I'm having a really hard time. Not just in my meditation practice, but in my life in general.

I've established a habit of 20 minutes of meditation first thing in the morning, then another 15 minutes in the early afternoon. I also try to take mindful breaks, I regularly take mindful walks, and I will meditate when I need a break or I'm feeling very stressed. I started meditating probably 3 years ago, and my routine has been pretty strong for the past 2 years. I usually use headspace meditations, and sometimes I just meditate on my own in quiet. I've read a few books about meditation, zen, etc, but I've never gone to a meditation retreat or anything hardcore like that - and given my work and young kids, I don't consider that an option.

I think I started meditating in a healthy way. I wasn't trying to solve any specific problems, I just wanted to be more mindful in my daily life. But I did think regular meditation would be a healthy habit to adopt, and that it would be a safeguard of sorts against other ills. However, I now find myself really frustrated because I've actually started to get more anxious, and I've barely slept for the past month.

I've tried to mindfully just accept my anxiety, not fight it, and I think that's generally fine, but the insomnia is debilitating. There is no major life event that I can think of that's causing this, I don't understand it, but I'm very disappointed that my meditation practice hasn't helped more. I've tried to increase my meditation recently to see if it would help, but I just keep getting worse.

I'm very frustrated and I can't help but think what's the point of spending all this time meditating? Could I be doing anything wrong? Has anyone had any similar experiences? Any advice?

  • Id suggest trying the 6R’s style of metta in your case. At least check it out online.
    – Al Brown
    Commented Jul 27, 2021 at 1:04

5 Answers 5


From within the practice of meditation, it can be hard to tell whether "it's working" or not. I've been a meditator for more than 30 years and my experience is that it is mostly a very slow process, and only by looking back on it from a long way away do I begin to clearly see the benefits.

Life itself has plenty of ups and downs. Meditation may affect those ups and downs, or maybe that's not what's at the base of your insomnia at the moment (myself: I recommend heart-thumping exercise at least every other day as a cure for inability to sleep well). But for me, mindfulness, meditation and -- in particular -- increasing understanding of Buddhism -- has helped a lot in coping with life.

It often amazes me how hard it can be to figure out, in the moment, where stress is coming from. Our first instincts about the causes too often turn out to be misleading. Meditation practice can help with that but, as I said, it can take a while to get the insights. Just try to be patient with yourself. Compassion begins with kindness to yourself.

  • 3
    thanks for your understanding and feedback. A general understanding of Buddhism is a growth point for me. I really appreciate your time and help on this matter. It means a lot. I'll upvote this answer if I can (reputation prereq). Commented Jul 25, 2021 at 22:34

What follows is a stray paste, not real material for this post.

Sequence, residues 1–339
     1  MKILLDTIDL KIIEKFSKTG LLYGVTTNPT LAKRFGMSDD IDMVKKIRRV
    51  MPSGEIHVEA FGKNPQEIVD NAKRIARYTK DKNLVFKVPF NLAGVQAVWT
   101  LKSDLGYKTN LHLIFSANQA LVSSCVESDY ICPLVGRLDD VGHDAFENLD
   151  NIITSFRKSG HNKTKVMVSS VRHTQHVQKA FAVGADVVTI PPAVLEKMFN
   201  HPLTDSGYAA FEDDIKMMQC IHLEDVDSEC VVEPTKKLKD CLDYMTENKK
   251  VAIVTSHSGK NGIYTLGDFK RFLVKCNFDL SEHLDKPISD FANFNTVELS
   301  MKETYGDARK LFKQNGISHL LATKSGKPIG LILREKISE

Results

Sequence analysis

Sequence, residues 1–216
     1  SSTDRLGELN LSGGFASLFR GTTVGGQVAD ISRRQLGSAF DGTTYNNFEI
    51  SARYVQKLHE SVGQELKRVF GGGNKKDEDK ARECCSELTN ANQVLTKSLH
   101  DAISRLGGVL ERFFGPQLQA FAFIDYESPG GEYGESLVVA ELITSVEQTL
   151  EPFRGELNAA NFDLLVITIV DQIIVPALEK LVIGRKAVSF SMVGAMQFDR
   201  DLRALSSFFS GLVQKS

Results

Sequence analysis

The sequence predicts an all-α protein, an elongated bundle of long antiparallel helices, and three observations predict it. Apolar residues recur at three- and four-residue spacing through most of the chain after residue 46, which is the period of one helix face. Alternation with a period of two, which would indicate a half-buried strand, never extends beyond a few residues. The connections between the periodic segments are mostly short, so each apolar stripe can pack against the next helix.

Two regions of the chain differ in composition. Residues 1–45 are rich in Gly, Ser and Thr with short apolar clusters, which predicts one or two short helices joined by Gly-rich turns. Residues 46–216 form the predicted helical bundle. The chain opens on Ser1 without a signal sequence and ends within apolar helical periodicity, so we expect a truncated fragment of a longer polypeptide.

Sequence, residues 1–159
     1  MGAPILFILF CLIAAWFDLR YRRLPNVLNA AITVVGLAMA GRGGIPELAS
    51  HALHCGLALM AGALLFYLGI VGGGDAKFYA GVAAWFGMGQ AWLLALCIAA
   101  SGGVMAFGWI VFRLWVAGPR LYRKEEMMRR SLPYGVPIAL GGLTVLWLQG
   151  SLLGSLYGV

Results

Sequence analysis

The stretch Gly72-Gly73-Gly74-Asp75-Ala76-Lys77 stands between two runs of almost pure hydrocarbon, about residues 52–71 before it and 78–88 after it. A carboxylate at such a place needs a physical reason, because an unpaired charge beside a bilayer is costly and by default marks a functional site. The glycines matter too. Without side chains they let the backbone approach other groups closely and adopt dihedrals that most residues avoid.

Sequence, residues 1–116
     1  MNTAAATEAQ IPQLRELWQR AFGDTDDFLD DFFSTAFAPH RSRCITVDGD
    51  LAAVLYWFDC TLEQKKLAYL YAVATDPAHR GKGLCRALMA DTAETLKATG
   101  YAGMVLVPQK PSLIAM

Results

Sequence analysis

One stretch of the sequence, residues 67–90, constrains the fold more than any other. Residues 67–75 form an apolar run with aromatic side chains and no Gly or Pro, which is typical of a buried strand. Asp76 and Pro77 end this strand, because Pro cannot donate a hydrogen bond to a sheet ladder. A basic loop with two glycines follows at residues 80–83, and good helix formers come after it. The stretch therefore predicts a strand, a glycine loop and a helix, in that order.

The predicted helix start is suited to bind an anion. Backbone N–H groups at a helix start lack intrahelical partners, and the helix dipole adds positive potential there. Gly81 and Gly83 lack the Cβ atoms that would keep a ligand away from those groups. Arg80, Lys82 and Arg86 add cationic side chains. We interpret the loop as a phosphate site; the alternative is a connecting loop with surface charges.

Welcome to the site.

These anxieties are your own psychological issues. They bubble up to the surface as a result of meditation.

Meditation initially sounds all nice and pleasant with frilly bits and squishy things - although that is how it is generally delivered in the many brochures - but many don't realize what meditation can actually do. It is about the cold, hard reality of facing yourself, and sometimes what we see is gruesome and disturbing. It can be very uncomfortable, but once all that stuff is out, it leads to a great liberation.

Just be aware that if you decide to continue, it may have ramifications upon your life and family. Some people are just not ready to enter into that part of their psyche. That's for you to work out.

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    thank you for taking the time to share your insights with me. I don't have anybody in my personal life that practices meditation so it means more than you know to have this feedback. If I gain the prerequisite reputation to upvote your answer, I absolutely will. Commented Jul 25, 2021 at 22:32

I'm no expert, but I've been meditating consistently for several years & have been on retreat etc. so I have some experience of what you have gone through. I strongly recommend finding a meditation teacher. Its hard to tell what's going on based on an internet post because there are so many factors; when you 'meditate', what are you actually doing, what are you doing in your day to day life, how is your sila (morality), are you on any medication etc. An experienced teacher will be able to pinpoint things in your practice you might not have been aware of and will be much more helpful than any advice you can get from internet strangers.

However, I now find myself really frustrated because I've actually started to get more anxious, and I've barely slept for the past month.

If this is a big issue for you, I think you should cease your practice for a while, at least just to see if it gets better. Its hard to tell without knowing more information, but it could be caused by you meditating 'wrongly'; i.e. following the anxious thought train & reinforcing the thought loops/ having wrong sila, or it could just be how your mind was all along, just that meditation made you aware of it. Only a teacher can guide you on this. All the best